Toyota Winglet free public trials to begin

Public trials of the Toyota Winglet personal mobility robot are set to begin in Japan next month.

First shown by Toyota in 2013, the Winglet is an ultra-compact personal transport assistance vehicle that uses innovative control technologies. It is ridden in a standing position, and is operated by the rider shifting their body weight.

Toyota Winglet

For the first time, on-pavement testing among pedestrians will take place in Tokyo Waterfront City after a change in regulations allowing special zones for technology trials was extended across Japan. Previous trials have been possible only in Tsukuba City and Toyota City, both of which are subject to exemptions.

Following a safety assessment period overseen by Toyota, the Tokyo Metropolitan Government, and other organisations, test ride events for the public will be rolled out from late April.

The purpose of the trial is to allow people to experience the Winglet, which under current law is not allowed to be used on public pavements. At the same time, the trials will enable Toyota to test how it works around pedestrians and its potential as a tool for tourism.

The trial will run from March 28, 2016, to March 31, 2017. Public test rides will begin in late April.

Toyota Winglet test rides

As part of the trial, free events will be held on weekends twice a month from late April. Test rides will be available to motorcycle license holders who have received a Winglet Pass from Toyota upon taking a short introductory course. Initially, these events will be available to around ten people a day, and the vehicles will follow a set path in a convoy with staff.

Dates and times, application procedures, and other details will be published on the website of Mega Web, Toyota’s nearby vehicle experience attraction.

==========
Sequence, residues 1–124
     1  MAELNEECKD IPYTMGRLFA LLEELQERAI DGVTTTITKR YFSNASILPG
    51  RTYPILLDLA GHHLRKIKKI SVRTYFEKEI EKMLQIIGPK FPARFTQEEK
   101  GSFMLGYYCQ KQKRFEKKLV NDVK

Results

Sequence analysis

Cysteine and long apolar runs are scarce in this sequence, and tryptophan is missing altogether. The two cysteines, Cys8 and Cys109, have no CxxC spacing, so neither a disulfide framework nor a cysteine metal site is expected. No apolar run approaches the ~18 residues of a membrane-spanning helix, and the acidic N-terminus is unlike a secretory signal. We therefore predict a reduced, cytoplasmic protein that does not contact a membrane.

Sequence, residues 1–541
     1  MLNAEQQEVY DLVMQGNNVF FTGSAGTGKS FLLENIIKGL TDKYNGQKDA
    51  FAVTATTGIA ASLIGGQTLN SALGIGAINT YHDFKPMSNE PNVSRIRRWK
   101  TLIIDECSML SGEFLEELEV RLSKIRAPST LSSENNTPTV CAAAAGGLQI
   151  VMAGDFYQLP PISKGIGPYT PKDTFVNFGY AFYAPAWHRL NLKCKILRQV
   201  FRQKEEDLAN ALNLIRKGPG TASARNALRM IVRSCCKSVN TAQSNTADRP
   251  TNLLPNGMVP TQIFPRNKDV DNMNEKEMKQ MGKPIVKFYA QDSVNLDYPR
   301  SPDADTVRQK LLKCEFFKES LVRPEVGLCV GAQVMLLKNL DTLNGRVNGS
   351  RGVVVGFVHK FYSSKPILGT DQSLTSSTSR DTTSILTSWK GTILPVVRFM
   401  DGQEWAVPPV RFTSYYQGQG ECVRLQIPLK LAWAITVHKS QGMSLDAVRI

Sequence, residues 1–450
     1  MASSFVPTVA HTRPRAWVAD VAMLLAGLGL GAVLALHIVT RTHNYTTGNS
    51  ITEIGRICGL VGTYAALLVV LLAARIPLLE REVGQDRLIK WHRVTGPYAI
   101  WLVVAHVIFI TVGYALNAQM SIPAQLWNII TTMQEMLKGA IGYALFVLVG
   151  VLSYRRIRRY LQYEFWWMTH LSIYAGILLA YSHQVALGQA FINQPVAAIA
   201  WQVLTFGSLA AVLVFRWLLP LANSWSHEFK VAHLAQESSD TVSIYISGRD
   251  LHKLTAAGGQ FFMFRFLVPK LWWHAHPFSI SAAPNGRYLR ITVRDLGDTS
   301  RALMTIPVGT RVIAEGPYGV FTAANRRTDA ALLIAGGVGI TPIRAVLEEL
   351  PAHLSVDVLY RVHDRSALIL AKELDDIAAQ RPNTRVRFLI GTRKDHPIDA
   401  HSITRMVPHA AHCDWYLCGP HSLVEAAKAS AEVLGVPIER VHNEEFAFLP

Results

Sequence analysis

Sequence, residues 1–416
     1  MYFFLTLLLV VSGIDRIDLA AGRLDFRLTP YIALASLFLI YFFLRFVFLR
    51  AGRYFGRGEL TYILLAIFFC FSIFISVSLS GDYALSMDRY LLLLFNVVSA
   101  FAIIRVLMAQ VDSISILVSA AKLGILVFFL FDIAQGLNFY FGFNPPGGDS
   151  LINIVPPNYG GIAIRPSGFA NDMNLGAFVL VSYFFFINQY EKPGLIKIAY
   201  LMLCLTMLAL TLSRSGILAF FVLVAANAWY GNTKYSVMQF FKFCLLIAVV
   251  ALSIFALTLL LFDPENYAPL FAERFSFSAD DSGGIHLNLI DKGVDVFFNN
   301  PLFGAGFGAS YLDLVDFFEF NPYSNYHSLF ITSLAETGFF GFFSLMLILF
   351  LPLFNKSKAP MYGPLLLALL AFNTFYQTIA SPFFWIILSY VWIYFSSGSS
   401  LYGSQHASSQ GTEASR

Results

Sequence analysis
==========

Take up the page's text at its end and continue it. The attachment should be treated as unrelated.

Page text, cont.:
Toyota Winglet

About the Toyota Winglet

Total Length520 mm
Total Width494 mm
Total Height1,168 mm
Weightapprox. 20 kg
Maximum speed6 km/h
Operating rangeapprox. 4 km
Charging timeapprox. 1.5 hrs
BatteryLithium-ion battery

Ten Winglets will initially be used in the upcoming trial, all of which have received classification as motorcycles presenting no safety issues from the regional government.

Toyota’s aim is not only to convey the fun character of the Winglet, but also to use the Winglet Pass system to teach the techniques and skills required to operate it and to educate people about relevant rules and etiquette. The aim of this is to create a framework for the Winglet to be operated with safety and confidence around pedestrians in public spaces. At present, Winglet Passes can be issued at Mega Web and so far more than 600 have been handed out.

Toyota hopes to make the Winglet a familiar sight in towns and cities. With its potential contributions to local economic revitalisation and promotion of tourism, the Winglet could become a brand new way to get around based on Toyota’s goal of mobility for all.

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